Malawi Liverpool Wellcome Programme

MLW, M.O.H and WHO engage Media on COVID-19 Vaccine

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MLW, M.O.H and WHO engage Media on COVID-19 Vaccine

The media in Malawi has been reporting mixed reactions from the public on the issue of vaccination against COVID. These reports also come against the background of the announcement by the State President of Malawi that a COVID vaccination program would roll out beginning March 2021.

To help provide facts and about vaccine efficacy and the COVID vaccine, the media requested explanations from scientists and health experts on how vaccines work and in particular facts about the COVID vaccine. This resulted into a media briefing that was conducted by Malawi Liverpool Wellcome Program (MLW), in collaboration with the Ministry of Health and World Health organization health experts. The briefing was held online on 4th February 2021.

Led by Immunologist, Dr. Kondwani Jambo, MLW scientists defined how vaccines are developed and how they have been used to make positive impact in global health citing examples of polio, smallpox and measles.

Describing the process of how a vaccine is made Dr. Jambo said, “a part of a virus, a harmless part is taken. Then it is introduced in a human and in turn their body produces antibodies”.

From the WHO Malawi Country Office, vaccinologist Dr. Boston Zimba concurred with Dr. Jambo. Dr. Zimba talked about the Oxford/AstraZenecca vaccine that Malawi will be rolling saying it is one of the seven vaccines currently approved for emergency use in the COVID-19 pandemic that has killed over two million people worldwide.

He said that the vaccines have been looked at by ‘stringent regulatory authorities’ defining ‘stringent authorities’ as authorities that have everything required to check a vaccine. “There has not been any shortcuts”, he said.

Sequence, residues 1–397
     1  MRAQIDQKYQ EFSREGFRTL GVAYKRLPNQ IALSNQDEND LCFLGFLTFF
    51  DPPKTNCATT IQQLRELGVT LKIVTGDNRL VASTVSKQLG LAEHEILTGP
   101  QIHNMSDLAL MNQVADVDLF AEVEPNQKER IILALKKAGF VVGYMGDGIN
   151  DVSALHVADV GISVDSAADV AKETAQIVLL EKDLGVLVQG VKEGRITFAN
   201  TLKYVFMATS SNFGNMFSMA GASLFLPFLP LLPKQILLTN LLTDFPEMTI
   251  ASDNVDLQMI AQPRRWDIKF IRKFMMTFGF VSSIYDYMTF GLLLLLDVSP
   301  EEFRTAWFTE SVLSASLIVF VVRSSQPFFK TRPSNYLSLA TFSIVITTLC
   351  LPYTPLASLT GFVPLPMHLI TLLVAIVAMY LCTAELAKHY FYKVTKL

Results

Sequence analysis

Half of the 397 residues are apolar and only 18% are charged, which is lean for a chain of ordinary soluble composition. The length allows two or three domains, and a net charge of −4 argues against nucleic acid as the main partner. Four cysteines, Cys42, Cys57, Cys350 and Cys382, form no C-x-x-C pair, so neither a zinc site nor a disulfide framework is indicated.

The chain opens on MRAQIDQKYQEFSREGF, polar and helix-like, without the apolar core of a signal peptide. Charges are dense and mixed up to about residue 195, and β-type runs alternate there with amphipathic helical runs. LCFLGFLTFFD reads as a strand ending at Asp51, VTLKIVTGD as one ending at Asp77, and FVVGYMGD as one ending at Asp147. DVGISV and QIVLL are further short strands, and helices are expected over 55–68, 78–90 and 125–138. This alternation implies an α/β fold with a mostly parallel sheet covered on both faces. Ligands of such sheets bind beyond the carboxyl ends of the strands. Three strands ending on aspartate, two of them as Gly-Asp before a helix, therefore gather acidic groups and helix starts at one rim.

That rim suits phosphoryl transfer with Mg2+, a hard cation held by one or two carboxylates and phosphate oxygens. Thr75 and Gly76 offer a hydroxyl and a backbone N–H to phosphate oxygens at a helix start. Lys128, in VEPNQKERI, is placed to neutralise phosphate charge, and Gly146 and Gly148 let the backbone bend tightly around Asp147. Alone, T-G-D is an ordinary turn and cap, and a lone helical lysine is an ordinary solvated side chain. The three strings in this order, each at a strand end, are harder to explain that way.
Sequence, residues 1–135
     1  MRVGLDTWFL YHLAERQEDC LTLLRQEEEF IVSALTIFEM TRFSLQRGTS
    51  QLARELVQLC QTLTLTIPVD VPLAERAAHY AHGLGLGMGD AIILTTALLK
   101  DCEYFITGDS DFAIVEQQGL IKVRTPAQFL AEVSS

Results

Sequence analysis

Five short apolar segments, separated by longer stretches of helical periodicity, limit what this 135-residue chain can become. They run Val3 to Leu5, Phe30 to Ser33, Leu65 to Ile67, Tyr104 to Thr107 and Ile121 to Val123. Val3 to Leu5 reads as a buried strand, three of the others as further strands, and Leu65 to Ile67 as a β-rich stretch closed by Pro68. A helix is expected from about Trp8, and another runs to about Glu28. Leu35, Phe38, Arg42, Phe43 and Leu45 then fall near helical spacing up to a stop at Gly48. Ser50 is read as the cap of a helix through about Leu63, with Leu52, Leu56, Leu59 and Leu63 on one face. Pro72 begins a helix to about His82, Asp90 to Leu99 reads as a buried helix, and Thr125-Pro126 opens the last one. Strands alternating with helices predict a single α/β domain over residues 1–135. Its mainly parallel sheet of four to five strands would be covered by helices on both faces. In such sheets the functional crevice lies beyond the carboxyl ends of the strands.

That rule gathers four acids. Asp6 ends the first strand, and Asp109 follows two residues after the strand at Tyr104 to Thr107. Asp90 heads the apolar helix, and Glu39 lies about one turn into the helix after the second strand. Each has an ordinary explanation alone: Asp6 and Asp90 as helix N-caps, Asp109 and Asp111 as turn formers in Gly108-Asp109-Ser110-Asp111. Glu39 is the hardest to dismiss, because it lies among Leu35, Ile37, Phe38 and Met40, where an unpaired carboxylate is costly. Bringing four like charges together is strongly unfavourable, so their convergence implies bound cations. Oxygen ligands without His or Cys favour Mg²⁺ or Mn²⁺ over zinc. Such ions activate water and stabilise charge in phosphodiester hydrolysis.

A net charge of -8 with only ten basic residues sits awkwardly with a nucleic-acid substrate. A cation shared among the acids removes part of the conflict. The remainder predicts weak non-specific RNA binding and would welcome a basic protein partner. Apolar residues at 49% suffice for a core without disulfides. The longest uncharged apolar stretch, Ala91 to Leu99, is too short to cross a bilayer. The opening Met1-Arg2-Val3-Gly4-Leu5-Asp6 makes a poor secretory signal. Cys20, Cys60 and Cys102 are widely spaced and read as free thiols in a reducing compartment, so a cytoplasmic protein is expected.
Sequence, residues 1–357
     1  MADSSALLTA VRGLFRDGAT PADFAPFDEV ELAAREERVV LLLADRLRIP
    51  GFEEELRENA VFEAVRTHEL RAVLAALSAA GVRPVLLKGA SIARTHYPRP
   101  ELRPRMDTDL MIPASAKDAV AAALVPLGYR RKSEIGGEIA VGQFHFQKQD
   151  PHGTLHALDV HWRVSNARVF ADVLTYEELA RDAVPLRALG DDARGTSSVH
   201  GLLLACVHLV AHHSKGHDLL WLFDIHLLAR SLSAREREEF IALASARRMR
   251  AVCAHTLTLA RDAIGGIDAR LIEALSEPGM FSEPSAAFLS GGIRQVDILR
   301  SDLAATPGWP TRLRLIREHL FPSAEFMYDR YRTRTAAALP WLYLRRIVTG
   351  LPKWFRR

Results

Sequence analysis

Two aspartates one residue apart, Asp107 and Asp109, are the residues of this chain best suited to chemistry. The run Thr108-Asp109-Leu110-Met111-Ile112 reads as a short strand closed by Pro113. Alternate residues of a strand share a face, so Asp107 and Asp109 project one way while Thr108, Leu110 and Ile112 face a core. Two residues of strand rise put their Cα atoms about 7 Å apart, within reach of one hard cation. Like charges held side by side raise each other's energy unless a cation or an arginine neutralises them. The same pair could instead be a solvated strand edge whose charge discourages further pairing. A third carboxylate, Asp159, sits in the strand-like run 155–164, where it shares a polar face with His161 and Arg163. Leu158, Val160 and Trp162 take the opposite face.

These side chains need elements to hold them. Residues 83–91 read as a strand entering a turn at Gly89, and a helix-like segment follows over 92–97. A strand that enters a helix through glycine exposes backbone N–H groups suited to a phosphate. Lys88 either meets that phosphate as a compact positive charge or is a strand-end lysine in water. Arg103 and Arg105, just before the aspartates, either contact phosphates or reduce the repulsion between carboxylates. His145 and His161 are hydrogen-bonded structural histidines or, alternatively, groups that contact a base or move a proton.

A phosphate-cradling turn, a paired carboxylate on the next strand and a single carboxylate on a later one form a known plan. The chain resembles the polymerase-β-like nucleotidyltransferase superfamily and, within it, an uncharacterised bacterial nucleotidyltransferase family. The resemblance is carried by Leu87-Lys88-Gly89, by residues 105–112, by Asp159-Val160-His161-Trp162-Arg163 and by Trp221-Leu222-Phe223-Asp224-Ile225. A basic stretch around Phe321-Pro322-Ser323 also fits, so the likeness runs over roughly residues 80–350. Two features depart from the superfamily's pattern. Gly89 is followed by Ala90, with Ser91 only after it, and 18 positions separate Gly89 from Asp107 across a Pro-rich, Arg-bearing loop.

Representing the Expanded Program on Immunization (EPI) in Malawi, Dr. Mike Chisema also backed the COVID-19 vaccine.

a slide from a presentation made to journalists at the briefing

The Journalists then asked if the AstraZenecca vaccine is not suitable for people older than 60 as is being speculated, if one gets immediate immunity from the dose and if one can still transmit after being vaccinated.

In response, Dr. Jamie Rylance from MLW explained that there has indeed been a debate on this because the data from the study had fewer older people. He added that the vaccine is still being given to older people in the UK and that it is a decision of the regulators. “I would be happy to have it and my parents too”, he said.

Dr. Ben Morton from MLW then responded to the question on how soon the vaccine is effective. “The immune system takes time to work (three weeks). You need to carry on behaving in a safe way at an individual level. At population level we should all be careful anyways “.

On whether a person can still transmit the virus after vaccination, Dr. Jambo responded by saying that there is still some investigation by scientists globally and there are no results as of yet.

Mavuto Thomas from the Ministry of Health announced that a communication plan has been developed by the government to assist in civic education and to address misconceptions around the vaccine. Currently the ministry is working on key messages on vaccination before rolling out the communication plan.

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